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Millar doesn't fancy Olympics as Team GB's "black sheep"

By:
Cycling News
Published:
March 28, 2012, 12:38,
Updated:
March 28, 2012, 13:40
Edition:
First Edition Cycling News, Wednesday, March 28, 2012
Race:
2012 Olympic Games
David Millar (Garmin-Barracuda)

David Millar (Garmin-Barracuda)

  • David Millar (Garmin-Barracuda)
  • David Millar leads Garmin-Barracuda.
  • Millar (nearest camera) in action for Great Britain at the 2011 Road World Championships

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British rider speaks out ahead of CAS hearing next month

British rider David Millar's doping case at the Court of Arbitration for Sport is set be be heard next month and its outcome will decide whether or not he will be eligible to represent his country at the London 2012 Olympics this summer. Millar was suspended from professional cycling for two years and banned for life from the Olympic Games following a positive test for EPO in 2004. The World Anti Doping Agency (WADA) has subsequently ruled that his Olympic ban is unenforceable but the British Olympic Association (BOA) are appealing against that ruling at CAS next month.

Since his ban the Garmin-Barracuda rider, who has multiple stage victories at all three Grand Tours on his palmares, has been an outspoken critic of doping and has worked closely with several organisations to help them clean up the sport. Now, in an interview with BBC Radio Scotland, he stated that he thinks cyclists deserve a second chance as much as anyone else but that he wouldn't want to compete in the London Olympics under a cloud.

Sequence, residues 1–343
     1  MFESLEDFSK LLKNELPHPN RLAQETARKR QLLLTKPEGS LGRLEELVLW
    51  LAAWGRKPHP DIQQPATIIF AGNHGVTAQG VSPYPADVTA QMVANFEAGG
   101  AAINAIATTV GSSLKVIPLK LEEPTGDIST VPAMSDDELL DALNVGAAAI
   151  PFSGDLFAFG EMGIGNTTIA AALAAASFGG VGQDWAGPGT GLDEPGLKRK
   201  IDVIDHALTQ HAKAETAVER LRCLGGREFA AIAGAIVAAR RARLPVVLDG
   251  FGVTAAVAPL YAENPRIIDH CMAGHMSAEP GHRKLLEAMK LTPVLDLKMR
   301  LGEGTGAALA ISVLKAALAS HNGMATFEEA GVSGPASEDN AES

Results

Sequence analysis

"It [doping] was the difference between going to a race and hoping to win and going to a race and guaranteeing to win," he said. "The reason I did it is because I knew I could get away with it.

"People do make mistakes and I think they should be punished. But they should be forgiven and given the opportunity for a second chance. We are human beings. Why should sports men and women get punished harder than people in the normal world?

"I am quite happy looking forward to 2014 Glasgow Commonwealth Games. That will be a much more joyful experience than me going to the Olympics as a black sheep. Even if it was to all go through now, and I was to go, I don't know if it would be a very joyful experience for me. Is it a stronger message if I don't go, is it a stronger message if I do go and perhaps try to change people's opinion that forgiveness should be offered?"